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The Saints are shooting themselves in the foot at an alarming rate

Heading into week 11, coaches have challenged pass interference 54 times, but that call was only reversed 5 times — 9% of the time.

NEW ORLEANS — The Saints game was ugly, but it was a win.

The penalties made it hard to watch, including four pass interference calls against the Saints: 2 on offense; 2 on defense. Two were challenged.

No. 4 The rule changes are a mess

It's maybe not the rule or the intent of the rule, but definitely how it's enforced.

Sean Payton said after Sunday's game, "quite honestly, it was a New York's best game." Payton challenged an offensive pass interference call, but New York did not reverse the call. 

That's consistent with what they've done all year. Heading into week 11, coaches have challenged pass interference 54 times, but that call was only reversed 5 times — 9% of the time.

Late in the game, when Carolina challenged a no-call, it was overturned against the Saints.

Payton helped institute the changes to the rule. 

"Sitting in every one of those meetings, I don't know that it's exactly what we discussed — where we are today with it," Payton said. "In fact, I'm pretty sure it's not."

Houston Coach Bill O'Brien said it more directly last week. "I have no idea what pass interference is anymore."

Pass interference penalties and their enforcement were a mess Sunday,

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No. 3 Saints had too many penalties

Beyond the pass interference calls, the Saints had way too many other penalties.

I counted 17 total, 12  enforced. That's four pre-snap penalties. Cam Jordan's unnecessary roughness, Marcus Williams' bad pass interference — the Saints are shooting themselves in the foot at an alarming rate.

In 2018 in 16 games, they were penalized at least 11 times just twice. This year in 11 games, they've done it 4 times, and the penalties have come in waves.

In the first 4 games, the Saints averaged 9.5 penalties a game. Then, as they hit their stride, they cleaned it up and averaged less than 4 penalties a game, but since the bye, they have averaged a whopping 11 penalties a game.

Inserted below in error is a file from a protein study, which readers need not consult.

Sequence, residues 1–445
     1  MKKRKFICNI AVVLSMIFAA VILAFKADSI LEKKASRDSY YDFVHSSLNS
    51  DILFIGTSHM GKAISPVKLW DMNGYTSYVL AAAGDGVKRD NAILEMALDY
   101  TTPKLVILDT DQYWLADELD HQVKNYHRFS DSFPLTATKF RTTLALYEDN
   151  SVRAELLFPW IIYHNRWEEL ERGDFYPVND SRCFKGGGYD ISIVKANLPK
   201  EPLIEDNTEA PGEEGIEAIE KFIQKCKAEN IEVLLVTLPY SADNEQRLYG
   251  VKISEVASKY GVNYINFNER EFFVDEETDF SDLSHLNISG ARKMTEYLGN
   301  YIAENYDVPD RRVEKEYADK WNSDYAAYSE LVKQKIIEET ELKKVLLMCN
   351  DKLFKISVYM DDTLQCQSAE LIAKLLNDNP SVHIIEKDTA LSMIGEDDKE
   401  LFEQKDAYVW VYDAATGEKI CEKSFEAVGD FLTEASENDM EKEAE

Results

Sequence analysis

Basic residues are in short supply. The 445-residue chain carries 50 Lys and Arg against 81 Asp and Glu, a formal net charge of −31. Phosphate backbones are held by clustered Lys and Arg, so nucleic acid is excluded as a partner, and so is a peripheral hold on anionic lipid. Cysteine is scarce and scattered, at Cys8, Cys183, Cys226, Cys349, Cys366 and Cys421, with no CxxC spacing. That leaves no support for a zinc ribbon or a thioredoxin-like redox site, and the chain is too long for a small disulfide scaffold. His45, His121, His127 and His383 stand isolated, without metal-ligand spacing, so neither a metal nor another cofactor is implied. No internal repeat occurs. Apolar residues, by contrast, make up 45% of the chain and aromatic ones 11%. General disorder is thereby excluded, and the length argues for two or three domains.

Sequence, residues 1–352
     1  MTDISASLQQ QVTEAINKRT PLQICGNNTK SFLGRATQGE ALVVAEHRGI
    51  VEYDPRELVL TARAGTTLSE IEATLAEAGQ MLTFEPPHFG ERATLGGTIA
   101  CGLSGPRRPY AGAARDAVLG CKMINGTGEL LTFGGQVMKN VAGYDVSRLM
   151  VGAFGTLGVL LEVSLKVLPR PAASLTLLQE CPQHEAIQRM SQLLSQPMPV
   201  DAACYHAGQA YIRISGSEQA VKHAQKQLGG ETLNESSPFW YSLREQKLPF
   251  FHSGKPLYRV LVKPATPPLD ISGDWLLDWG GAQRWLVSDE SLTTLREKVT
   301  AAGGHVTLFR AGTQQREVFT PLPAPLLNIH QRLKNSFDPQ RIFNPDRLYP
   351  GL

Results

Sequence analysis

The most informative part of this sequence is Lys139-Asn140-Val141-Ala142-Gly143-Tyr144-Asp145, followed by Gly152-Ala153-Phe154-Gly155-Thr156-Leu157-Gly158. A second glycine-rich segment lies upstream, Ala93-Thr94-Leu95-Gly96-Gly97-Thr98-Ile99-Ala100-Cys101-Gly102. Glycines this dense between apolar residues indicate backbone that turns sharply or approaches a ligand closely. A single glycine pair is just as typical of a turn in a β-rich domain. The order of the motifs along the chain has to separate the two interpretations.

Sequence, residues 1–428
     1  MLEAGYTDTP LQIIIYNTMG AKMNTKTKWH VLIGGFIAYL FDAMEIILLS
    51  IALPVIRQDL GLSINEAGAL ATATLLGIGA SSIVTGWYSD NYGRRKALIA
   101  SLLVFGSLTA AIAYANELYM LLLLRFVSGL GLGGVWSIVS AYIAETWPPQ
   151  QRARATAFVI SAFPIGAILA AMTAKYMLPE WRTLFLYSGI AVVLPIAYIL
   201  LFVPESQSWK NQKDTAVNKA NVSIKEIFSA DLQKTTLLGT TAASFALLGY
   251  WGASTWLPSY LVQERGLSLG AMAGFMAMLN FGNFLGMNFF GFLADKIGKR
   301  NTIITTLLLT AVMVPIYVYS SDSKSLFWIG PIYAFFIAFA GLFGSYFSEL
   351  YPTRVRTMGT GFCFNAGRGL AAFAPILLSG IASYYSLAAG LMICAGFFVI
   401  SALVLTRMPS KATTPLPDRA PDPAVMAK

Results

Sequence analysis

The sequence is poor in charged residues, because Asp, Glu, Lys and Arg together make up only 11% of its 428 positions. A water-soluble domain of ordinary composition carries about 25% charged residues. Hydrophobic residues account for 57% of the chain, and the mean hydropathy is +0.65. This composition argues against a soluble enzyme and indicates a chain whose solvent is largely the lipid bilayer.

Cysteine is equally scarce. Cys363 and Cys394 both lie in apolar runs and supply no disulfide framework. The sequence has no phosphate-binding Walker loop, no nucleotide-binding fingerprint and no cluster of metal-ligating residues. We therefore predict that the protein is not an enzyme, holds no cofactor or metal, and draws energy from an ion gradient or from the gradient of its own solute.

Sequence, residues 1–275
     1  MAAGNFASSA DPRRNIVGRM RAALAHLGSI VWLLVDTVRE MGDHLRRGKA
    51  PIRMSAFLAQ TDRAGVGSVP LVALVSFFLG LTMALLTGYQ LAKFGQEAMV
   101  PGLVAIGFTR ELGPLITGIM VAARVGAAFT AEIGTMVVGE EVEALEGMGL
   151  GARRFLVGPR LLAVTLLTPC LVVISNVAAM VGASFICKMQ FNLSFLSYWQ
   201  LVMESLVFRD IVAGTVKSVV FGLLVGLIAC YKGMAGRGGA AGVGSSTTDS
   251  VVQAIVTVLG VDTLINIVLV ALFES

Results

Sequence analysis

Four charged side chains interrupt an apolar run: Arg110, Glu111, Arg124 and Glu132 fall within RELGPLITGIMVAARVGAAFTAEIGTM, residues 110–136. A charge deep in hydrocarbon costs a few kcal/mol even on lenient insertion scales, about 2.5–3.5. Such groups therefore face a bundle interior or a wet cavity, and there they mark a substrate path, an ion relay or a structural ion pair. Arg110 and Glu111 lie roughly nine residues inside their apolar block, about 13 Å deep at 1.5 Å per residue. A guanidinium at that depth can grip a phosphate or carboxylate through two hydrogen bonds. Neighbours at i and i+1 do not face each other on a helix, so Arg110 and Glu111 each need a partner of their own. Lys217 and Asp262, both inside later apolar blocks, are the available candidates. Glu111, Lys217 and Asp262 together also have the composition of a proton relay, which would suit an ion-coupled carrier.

That has to stop if the Saints are going to make a deep playoff run.

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No. 2 Jared Cook is becoming a threat

Sunday against the Panthers, Cook caught 6 passes for 99 yards and a touchdown.

His most productive game of the year. Mike Thomas still led the Saints in targets, and Alvin Kamara was still second — but Jared cook was a legitimate third option. That is a good sign.

Credit: AP
New Orleans Saints tight end Jared Cook (87) scores a touchdown ahead of Carolina Panthers strong safety Eric Reid (25), during the second half at an NFL football game, Sunday, Nov. 24, 2019, in New Orleans. (AP Photo/Bill Feig)

No. 1 Drew Brees & Sean Payton were on in the final two-minute drive

After 58 often frustrating minutes, Drew Brees and Sean Payton were on in the final two-minute drive. With a 01:56 left in the game and one timeout, Brees used Kamara and Thomas to get Wil Lutz into range for a chip shot.

It was surgical and fun to watch.

As of Monday, the two best teams in the NFC were the Saints of the San Francisco 49ers. The 49ers have a great defense. It might be enough to get them to the Super Bowl, but in the playoffs in a close game in the 4th quarter — if I had to pick between Brees and 49ers quarterback Jimmy Garoppolo to deliver the kind of drive that won the game Sunday, I'd take number 9.

His continuing instinct to win is the number one takeaway from the ugly win over Carolina.

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